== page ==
JAMES RIDGEWAY: Well, it’s a little like the O.J. case. It’s where you have — you have this criminal suit, this criminal case, and then you have a civil case that’s brought by — in this instance, by the grandfather of two of the dead children. He’s brought the case against McVeigh. Now, this is a civil case, and they can do all sorts of discovery in a civil case which you might not be able to do in a criminal case. And so, these two cases, although they involve different attorneys and different sets of people, in a way, work together to feed each other. And as I understand it, the judge in the criminal case has allowed Jones, the attorney for McVeigh in the criminal case, money to conduct an investigation to essentially defend McVeigh, not so much in the criminal case, but in the civil case, so that Jones is able to go abroad, he’s able to take trips abroad, to look into the German question, the possibility that some right-wing Britons were involved in this and so on. So these two cases kind of like work together.

And the big thing, though, the really big thing, is that since McVeigh doesn’t have any money, if the civil case were to be successful, if it were to turn into some sort of a class action kind of case on the basis of all these victims, it would have to be brought against the government. And, I mean, clearly, the attorneys see the potential here, and so do the victims, of a Ruby Ridge multiplied by billions and billions. And if they can show, in any way, shape or form, that there was prior knowledge by the government in this awful thing, they could stand to succeed.

AMY GOODMAN: Now, Jim, you talk about, in your articles, the United States government, the FBI infiltrating the militia movement. Can you talk about that? And then, how unlikely is it that the FBI might have known?

JAMES RIDGEWAY: Well, I certainly am one who never took the prior knowledge thing very seriously. And when the John Birch people brought this up to begin with, I thought it was completely nuts. In other words, these are the people who are going around saying that the government blew up the building. I just thought that was a horrible kind of joke. But I must say, in the last couple of weeks, there’s information that’s been coming out that really raises some questions.

There is a case in eastern Oklahoma, in Muskogee, called the Lampley case. Lampley was a guy who hung around Elohim City, which is a far-right community, Christian Identity community, down in eastern Oklahoma. And after Oklahoma City bomb, he came up with an idea of building his own bomb. And he was going to go off and kill Morris Dees and the Southern Poverty Law Center people and the ADL in Houston. He constructed this bomb, and he had — and in the process of doing all this, an FBI informant, confidential informant, became involved with him and followed him. He then sought help to get explosives, and he sought it from the Tri-State Militia, a group in South Dakota. He talked to a guy named Parsons in the Tri-State Militia. Parsons is a former truck driver. And he was sort of the only guy, really, in this Tri-State Militia. He had a couple of fax machines. He had an 800-number. And he was connected to a whole lot of other militias.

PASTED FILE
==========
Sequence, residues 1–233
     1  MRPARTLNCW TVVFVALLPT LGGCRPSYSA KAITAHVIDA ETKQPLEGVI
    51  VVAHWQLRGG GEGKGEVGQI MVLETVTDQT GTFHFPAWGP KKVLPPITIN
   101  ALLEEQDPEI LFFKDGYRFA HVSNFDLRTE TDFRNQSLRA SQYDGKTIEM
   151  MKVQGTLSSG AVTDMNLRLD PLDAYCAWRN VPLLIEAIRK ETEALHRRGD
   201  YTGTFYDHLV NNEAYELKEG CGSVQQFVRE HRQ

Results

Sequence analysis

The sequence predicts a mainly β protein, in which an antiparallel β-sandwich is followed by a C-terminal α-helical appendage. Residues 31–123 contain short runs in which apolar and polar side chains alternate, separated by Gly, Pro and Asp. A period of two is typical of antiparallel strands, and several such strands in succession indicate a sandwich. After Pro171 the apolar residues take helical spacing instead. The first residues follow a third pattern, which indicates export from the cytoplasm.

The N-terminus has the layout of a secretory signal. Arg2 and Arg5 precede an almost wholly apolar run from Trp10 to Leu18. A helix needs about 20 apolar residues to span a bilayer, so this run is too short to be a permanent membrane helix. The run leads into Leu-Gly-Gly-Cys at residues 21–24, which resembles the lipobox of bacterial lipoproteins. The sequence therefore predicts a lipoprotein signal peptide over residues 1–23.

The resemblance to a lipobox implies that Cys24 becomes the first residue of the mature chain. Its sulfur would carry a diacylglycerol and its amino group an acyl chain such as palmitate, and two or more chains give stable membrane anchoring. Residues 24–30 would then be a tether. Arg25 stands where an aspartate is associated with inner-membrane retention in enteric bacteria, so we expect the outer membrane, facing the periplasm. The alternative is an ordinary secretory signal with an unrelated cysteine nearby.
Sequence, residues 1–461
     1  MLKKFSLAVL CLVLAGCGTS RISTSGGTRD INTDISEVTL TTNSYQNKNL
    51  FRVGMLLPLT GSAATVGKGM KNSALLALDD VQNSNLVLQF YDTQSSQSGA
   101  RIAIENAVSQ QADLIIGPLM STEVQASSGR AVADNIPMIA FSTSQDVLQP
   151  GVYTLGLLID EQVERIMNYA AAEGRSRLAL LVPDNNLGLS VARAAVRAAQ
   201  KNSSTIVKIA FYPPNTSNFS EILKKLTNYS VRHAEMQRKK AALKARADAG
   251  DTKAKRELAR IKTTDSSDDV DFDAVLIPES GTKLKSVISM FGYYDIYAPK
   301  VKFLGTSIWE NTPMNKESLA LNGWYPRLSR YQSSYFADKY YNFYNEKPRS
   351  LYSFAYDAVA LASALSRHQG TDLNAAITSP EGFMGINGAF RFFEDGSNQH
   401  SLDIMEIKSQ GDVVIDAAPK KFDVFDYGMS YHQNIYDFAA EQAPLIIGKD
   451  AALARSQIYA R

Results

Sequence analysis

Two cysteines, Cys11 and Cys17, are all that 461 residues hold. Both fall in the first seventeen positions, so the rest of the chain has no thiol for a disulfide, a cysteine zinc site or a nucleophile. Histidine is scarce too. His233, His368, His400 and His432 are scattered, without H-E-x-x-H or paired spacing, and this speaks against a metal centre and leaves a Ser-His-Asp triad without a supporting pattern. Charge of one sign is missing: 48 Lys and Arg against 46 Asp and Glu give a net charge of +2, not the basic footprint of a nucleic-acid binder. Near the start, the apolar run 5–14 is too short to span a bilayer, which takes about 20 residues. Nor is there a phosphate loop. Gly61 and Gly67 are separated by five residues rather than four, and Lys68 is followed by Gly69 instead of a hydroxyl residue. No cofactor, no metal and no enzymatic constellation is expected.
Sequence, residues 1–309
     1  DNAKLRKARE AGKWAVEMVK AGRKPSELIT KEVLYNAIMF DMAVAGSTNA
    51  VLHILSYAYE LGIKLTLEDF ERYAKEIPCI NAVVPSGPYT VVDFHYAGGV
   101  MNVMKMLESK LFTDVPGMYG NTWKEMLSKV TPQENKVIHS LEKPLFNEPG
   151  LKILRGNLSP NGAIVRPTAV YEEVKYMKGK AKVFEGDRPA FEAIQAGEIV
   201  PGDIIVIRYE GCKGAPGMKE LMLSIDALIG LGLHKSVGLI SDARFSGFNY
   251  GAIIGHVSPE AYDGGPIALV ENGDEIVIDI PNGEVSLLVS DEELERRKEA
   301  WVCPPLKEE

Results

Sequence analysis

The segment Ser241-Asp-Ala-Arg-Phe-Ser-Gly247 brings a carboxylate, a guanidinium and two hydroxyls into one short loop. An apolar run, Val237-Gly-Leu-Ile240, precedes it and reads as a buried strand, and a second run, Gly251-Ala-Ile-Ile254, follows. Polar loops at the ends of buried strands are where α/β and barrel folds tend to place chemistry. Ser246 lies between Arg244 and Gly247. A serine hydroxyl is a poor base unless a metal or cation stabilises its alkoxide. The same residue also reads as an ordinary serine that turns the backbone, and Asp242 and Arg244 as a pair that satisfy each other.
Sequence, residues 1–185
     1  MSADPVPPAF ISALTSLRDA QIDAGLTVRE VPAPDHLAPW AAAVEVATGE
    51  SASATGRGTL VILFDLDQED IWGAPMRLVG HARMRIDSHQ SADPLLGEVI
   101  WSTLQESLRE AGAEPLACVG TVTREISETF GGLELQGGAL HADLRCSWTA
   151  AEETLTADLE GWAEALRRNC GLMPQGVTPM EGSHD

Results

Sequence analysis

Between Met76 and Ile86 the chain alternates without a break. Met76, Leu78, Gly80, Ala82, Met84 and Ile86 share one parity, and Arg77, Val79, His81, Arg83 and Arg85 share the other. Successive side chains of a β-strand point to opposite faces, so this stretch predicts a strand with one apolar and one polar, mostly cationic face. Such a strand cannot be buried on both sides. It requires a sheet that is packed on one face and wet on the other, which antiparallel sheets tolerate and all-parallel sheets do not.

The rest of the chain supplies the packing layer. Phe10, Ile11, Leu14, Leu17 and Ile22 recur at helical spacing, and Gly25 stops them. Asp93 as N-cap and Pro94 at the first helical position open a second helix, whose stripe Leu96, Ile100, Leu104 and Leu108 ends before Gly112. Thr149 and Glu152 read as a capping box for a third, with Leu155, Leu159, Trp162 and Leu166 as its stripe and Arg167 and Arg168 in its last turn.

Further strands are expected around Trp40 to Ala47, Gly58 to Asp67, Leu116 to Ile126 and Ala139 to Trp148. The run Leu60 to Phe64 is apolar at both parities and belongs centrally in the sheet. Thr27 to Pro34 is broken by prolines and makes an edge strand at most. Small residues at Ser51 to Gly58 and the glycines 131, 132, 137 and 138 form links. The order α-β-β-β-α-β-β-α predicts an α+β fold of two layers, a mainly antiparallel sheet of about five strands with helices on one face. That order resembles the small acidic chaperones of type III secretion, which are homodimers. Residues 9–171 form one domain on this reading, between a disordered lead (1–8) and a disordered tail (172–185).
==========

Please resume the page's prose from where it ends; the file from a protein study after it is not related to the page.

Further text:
Well, in this trial of Lampley, which is now ongoing in Muskogee, Parsons testified. And he testified that his major source of income came every month in cash, of the amount of $1,775, something like that, from the FBI. So he was a paid employee of the FBI. And the FBI denies that he’s an informant. And yet Parsons has admitted on the stand that he took trips for the FBI to try to defuse some of these bomb plots that were going on.

So, in fact, what we have here is an absolutely clear, cut and dried infiltration, penetration, of the entire militia movement across the United States by the Federal Bureau of Investigation since the Oklahoma City bombing. And that then raises the question of: Well, what was going on before? I mean, that they were able to do this with such ease afterwards, well, what were they doing before?

Just one more point. I know this drags on, but you’ve got to remember that the FBI has methodically infiltrated the Ku Klux Klan and these right-wing groups since the 1940s. It has pitted them against each other. Its informants, its agents have been very much involved. So it’s really hard to believe, in fact, that there isn’t some kind of infiltration of what now is called the far right.

JUAN GONZÁLEZ: Well, I’d like to get our other guest, Tod Ensign, involved. Obviously, Timothy McVeigh was an Army veteran himself. And there was a recent report by the Department of Defense looking at the activity of extremist groups within the military, that was issued in March, which basically discounts the possibility of extensive involvement of right-wing groups within our own armed forces. Tod, you’ve looked at that report, and you’ve been studying this for some time. What’s your reaction?